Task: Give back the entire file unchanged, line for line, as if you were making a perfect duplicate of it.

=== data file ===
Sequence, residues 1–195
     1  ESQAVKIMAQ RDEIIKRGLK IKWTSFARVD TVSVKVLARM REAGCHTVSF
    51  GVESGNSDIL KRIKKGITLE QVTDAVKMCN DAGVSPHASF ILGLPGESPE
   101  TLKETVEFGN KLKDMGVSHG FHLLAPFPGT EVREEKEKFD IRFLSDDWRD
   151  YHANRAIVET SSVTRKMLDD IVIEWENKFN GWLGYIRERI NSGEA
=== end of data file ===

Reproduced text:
Sequence, residues 1–195
     1  ESQAVKIMAQ RDEIIKRGLK IKWTSFARVD TVSVKVLARM REAGCHTVSF
    51  GVESGNSDIL KRIKKGITLE QVTDAVKMCN DAGVSPHASF ILGLPGESPE
   101  TLKETVEFGN KLKDMGVSHG FHLLAPFPGT EVREEKEKFD IRFLSDDWRD
   151  YHANRAIVET SSVTRKMLDD IVIEWENKFN GWLGYIRERI NSGEA